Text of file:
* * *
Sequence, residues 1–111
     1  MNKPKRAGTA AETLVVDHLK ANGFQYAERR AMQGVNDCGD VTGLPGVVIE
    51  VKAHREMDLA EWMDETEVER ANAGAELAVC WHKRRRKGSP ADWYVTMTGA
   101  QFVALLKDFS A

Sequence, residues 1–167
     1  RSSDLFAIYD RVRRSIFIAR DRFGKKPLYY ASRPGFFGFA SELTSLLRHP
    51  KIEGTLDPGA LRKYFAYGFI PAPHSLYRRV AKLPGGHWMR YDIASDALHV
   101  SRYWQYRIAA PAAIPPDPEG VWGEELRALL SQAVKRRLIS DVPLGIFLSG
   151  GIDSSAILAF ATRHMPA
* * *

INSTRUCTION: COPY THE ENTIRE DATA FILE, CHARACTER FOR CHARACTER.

Sequence, residues 1–111
     1  MNKPKRAGTA AETLVVDHLK ANGFQYAERR AMQGVNDCGD VTGLPGVVIE
    51  VKAHREMDLA EWMDETEVER ANAGAELAVC WHKRRRKGSP ADWYVTMTGA
   101  QFVALLKDFS A

Sequence, residues 1–167
     1  RSSDLFAIYD RVRRSIFIAR DRFGKKPLYY ASRPGFFGFA SELTSLLRHP
    51  KIEGTLDPGA LRKYFAYGFI PAPHSLYRRV AKLPGGHWMR YDIASDALHV
   101  SRYWQYRIAA PAAIPPDPEG VWGEELRALL SQAVKRRLIS DVPLGIFLSG
   151  GIDSSAILAF ATRHMPA